What can the US learn from Europe? Clean label and subtle nutrition, says Mintel

Mintel: European firms are better at positioning products as 'better-for-you' without screaming health and ramming it down consumers' throats

US bakery, snack and cereal manufacturers should look to Europe for lessons on clean label and better-for-you products that don’t scream health, says Mintel’s innovation head.

While there were a handful of mega trends and challenges impacting manufacturers across the globe – sugar concerns and positive nutrition both perfect examples – David Jago said there remained plenty of differences between markets, particularly the US and Europe. 

From a consumer stand-point, Europeans tended to take a more holistic approach to health and nutrition, Jago told BakeryandSnacks.com ahead of IFT 2014.

“US consumers tend to think less along the lines of balanced nutrition than the European consumer. When a US consumer is watching their diet, they look for low fat, low sugar and low calorie solutions, whereas a European consumer would just cut out or eat less cakes and snacks, for example - it’s a more holistic approach,” he said.

However, he said there would be a step-change in the US towards more holistic nutrition concepts.

Healthy foods: Overt versus subtle

“There are clear lessons to be learned from strong brands in Europe that don’t talk overtly about health, but talk about being ‘better for you’,” he said. While there was evidence of this in the US, Jago said it could go “quite a bit further”.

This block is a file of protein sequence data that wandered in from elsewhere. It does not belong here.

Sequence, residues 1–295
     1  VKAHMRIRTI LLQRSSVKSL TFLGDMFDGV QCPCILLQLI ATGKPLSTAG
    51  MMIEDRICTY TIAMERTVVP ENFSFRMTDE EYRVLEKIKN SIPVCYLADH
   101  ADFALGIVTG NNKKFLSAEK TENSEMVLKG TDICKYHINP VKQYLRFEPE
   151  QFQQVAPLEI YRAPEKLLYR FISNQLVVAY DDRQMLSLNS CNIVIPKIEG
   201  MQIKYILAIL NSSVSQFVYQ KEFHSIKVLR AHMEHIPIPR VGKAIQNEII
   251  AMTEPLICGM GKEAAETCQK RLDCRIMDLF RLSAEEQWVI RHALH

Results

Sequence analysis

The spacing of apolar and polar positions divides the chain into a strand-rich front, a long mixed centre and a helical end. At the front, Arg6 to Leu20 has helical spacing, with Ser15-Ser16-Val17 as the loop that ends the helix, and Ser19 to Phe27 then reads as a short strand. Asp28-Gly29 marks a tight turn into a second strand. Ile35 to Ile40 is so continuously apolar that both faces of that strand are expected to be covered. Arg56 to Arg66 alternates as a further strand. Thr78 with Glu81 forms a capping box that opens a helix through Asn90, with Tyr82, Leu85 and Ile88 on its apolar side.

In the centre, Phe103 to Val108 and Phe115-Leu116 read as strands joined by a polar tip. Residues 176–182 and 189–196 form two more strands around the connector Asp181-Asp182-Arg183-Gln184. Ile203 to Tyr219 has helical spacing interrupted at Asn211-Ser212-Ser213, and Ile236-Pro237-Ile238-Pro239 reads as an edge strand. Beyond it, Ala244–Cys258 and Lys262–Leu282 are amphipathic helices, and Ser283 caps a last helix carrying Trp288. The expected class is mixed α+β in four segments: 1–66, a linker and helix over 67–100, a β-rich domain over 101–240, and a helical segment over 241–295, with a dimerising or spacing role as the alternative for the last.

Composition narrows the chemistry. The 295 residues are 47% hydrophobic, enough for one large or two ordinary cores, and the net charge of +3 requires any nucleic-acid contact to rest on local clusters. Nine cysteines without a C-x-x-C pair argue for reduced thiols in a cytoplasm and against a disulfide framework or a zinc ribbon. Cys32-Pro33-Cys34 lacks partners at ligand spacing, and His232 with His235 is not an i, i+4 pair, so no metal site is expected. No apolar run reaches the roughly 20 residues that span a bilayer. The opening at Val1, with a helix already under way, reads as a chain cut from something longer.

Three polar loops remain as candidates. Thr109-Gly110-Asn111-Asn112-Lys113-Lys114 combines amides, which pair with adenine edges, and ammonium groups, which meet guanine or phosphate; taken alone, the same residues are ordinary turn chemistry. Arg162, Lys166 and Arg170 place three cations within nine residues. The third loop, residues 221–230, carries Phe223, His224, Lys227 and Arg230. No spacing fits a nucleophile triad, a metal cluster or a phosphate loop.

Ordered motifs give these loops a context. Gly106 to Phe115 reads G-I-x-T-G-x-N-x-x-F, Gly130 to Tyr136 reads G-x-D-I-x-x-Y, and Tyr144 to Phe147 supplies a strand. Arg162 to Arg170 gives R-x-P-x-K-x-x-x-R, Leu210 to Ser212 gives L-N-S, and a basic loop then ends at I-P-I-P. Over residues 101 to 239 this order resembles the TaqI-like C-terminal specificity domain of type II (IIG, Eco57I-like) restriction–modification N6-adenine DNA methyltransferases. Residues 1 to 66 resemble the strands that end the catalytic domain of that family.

“It comes down to overt versus subtle – the fact you can position better-for-you without screaming health and ramming it down your throat. European brands are better than US companies at doing that.”

Particularly in the bakery, snacks and cereal sector, a more subtle nutrition positioning resonated better with consumers, he said.

Cleaning up labels

Another big learning from Europe was around clean label, Jago said.

“The clean label concept is nowhere near as developed in the US as Europe, and that’s true for all categories, right across the board and not just bakery, snacks and cereals,” he said.

Artificial colors and flavors was an area where differences were particularly clear, he added. “These colors and flavors are far more prevalent in the US compared to Europe. The pressure to remove them in Europe has come from retailers, but we haven’t seen that pressure from US retailers. If Walmart got serious with that, it would have a fairly major impact,” he said.

Use and acceptance of preservatives also had differences, Jago said. “In the European market, there has been a fair bit of focus on removing preservatives and accepting shorter shelf life.” However, he said if the same level of focus happened in the US, there would be huge problems because of lengthy and complex distribution channels.

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